Sunday, March 7, 2010

Pyroclastic Flavor - Campanelle alla Vesuviana

Campania is a land of geological turmoil, or at least it's past has been.... Hmmmm, kind of like the Pacific Northwest, maybe that is why I can relate to the food so well. You see, Pliny the Younger give us the first account of a pyroclastic flow from the Bay of Naples as he watched this geological event which was similar to what happened with Mt. St. Helens back in 1980. This particular region of Italy is home to Naples (bringers of Pizza Margherita) as well as the illustrious Mozzarella di Bufala. Not to mention the ever so delicious San Marzano Tomato. Now I promise I am not going to "gush" about them like I usually do... You know, about how they make Pizza Margherita a work of art, or cause my Slow-Cooked Tomato Sauce sing in your mouth... Blah blah blah blah.... :)

What I will do is talk about the countryside in which they are grown... For is is because of the Vesuvius eruption of 79 CE, the geological even of which Pliney wrote of, which destroyed Pompeii as well as Herculaneum and half of Naples, that we have these effervescent tomatoes, today. That particular eruption dumped anywhere from 8 to 66 feet of ash for 80 miles in all directions. Most importantly, at least for tomatoes, was that this included what is now the province of Salerno in south coastal Campania. The high volcanic content of the soil is largly responsible for producing such astounding tomatoes.

A testament to the old adage - When life gives you a pyroclastic flow, make tomato sauce. Um, yeah, or something like that, anyway.

As seen across the Bay of Naples, April 26 1872 eruption.

Sadly, in my quest for one of my favorite pasta dishes (Yeah I know, I have a lot of those, don't I?) I was sorely lacking two of the key ingredients; San Marzanos and Mozzarella di Bufala. This was primarily due to poor planning on my part. OK, and laziness, since I did not want to drive all the way to New Seasons out in Damascus for tomatoes or down to Trader Joe's on 39th and Woodstock for Mozzarella (The TJ's on 82nd keeps telling me it's out of season even though the 39th street store keeps getting it in; stupid heads)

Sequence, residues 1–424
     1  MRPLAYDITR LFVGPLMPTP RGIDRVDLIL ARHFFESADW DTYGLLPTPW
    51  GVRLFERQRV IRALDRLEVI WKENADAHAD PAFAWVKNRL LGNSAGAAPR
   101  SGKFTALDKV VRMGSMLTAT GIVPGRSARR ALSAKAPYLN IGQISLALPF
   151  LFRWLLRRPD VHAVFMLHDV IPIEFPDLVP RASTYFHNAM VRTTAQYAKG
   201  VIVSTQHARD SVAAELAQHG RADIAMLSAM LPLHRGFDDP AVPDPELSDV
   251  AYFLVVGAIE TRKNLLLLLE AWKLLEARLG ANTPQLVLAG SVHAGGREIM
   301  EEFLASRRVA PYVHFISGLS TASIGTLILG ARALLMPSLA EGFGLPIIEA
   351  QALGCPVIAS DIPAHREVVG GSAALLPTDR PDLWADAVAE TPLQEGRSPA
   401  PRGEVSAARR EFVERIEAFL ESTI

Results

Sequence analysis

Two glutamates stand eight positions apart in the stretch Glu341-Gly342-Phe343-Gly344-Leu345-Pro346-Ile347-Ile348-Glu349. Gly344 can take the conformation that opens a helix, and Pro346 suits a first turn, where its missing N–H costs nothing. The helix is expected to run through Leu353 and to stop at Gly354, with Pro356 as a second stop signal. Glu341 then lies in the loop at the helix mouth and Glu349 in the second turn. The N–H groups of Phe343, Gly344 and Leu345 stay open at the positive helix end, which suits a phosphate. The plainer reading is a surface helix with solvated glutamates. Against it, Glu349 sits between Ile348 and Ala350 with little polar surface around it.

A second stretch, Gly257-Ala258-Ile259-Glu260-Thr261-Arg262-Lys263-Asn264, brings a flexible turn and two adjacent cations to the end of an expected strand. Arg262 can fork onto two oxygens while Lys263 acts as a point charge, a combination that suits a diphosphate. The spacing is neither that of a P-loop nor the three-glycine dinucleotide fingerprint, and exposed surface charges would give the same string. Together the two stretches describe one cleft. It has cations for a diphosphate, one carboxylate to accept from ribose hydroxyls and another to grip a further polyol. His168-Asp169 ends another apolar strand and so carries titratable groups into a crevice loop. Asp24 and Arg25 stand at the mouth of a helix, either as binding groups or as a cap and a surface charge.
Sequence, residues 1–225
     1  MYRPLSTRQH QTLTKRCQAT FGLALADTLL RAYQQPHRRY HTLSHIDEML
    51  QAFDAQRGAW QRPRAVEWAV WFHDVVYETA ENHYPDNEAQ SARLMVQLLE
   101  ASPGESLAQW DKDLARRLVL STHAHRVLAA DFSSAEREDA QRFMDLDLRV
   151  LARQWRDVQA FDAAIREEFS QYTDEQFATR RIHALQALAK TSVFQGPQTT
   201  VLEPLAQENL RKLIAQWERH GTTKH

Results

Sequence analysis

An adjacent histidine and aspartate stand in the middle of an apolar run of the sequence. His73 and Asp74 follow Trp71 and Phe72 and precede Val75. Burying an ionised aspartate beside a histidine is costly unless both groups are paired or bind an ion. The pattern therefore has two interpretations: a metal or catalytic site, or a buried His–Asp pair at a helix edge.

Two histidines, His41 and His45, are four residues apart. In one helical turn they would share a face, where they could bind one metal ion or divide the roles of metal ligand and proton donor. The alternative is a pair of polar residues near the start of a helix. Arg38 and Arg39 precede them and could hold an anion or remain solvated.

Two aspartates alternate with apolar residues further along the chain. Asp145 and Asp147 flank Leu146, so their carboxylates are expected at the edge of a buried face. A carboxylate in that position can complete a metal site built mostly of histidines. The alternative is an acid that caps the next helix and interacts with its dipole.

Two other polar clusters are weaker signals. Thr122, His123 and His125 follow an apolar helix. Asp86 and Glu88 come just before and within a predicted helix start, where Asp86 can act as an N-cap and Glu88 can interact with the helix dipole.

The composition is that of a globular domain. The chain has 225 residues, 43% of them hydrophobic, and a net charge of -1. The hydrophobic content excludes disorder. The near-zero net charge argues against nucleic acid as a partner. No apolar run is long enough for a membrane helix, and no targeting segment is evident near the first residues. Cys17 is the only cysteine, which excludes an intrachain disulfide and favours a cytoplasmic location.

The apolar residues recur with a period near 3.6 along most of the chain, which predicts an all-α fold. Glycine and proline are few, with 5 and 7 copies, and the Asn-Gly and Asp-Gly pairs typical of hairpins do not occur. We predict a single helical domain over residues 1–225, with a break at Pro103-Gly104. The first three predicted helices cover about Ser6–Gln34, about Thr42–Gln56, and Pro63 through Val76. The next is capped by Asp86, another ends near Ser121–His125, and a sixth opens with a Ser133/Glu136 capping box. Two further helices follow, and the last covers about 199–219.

So I raided the cupboard and found Fire Roasted Tomatoes, which worked surprisingly well, I must say.

I also had cow milk mozzarella in Perlini form (that's really small or pearl sized)

So armed with these two ingredients I embarked upon a pasta dish from the foot of Mt. Vesuvio. Oh, and No ash, pumice or basalt was used, came near, or was injured in the making of this dish. ;)

Campanelle alla Vesuviana

1/2 cup (118 ml) Extra Virgin Olive oil
2 - 3 Cloves Garlic; minced fine
1 - 1 1/2 tsp Red Pepper Flake (I like a little fire going on)
29 oz (822 g) (2-14.5 oz cans) Diced Fire Roasted Tomatoes (but preferably San Marzanos)
Kosher Salt
1 TB Dried Basil (or 3 TB Fresh, chopped)
1 TB Dried Parsley (or 3 TB Fresh, chopped)
1 tsp Dried Mint (or 1 TB Fresh, chopped)
8 oz (226g) Fresh Mozzarella; perlini (preferably Mozzarella di Bufala, diced)
1 oz (28 g) Pecorino Romano, grated
1 lb Campanelle or Fusilli or even Radiatori

Heat olive oil in a sauce pan over medium heat and add finely minced garlic and red pepper flake, cooking until the garlic just begins to brown.

Add Tomatoes and a pinch or two of kosher salt and reduce heat to a simmer.

Add Basil, Parsley and Mint; simmer for about 15 minutes.

Cook pasta according to package directions....
Drain the Mozzarella and set aside.

Drain pasta, reserving 1/4 cup of the liquid, just in case.

Place pasta in a warm bowl, then add the tomato mixture ....

and toss it well.....

Add the Mozzarella perlini and the Pecorino Romano.

Toss again...

Serve with extra Romano...

Though I like mine plain.... Delectable!

I love the way the mozzarella begins to melt and get all kinds of gooey, releasing it's liquid to bring a milky flavor to the dish that cools the heat of the red pepper flake and takes the edge off the acidity of the tomato. It's awesome!



Bob said...

So, doom makes tomatoes better. Who knew? Heh. That pasta looks amazing, but not something I would expect mint in. Definitely have to try it out.

Dajana said...

That's my favourite pasta :)))), or better a favourite combination, I also love it with potato gnocchi.
Food is the only reason why I always look forward to going back to Campania

Ren- Lady Of The Arts said...

This looks amazing and hats off to your photos- they are all great and account for every step (I am so bad about that).

Unknown said...

sooo....should I find some sort of soil additive thats rich in volcanic ash to my garden this year? (wonder if Home Depot carries such a thing). I'm loving those wads of melty cheese!!

matt74 said...

Awesome Shane!..I could taste it now..what a great marriage of flavors.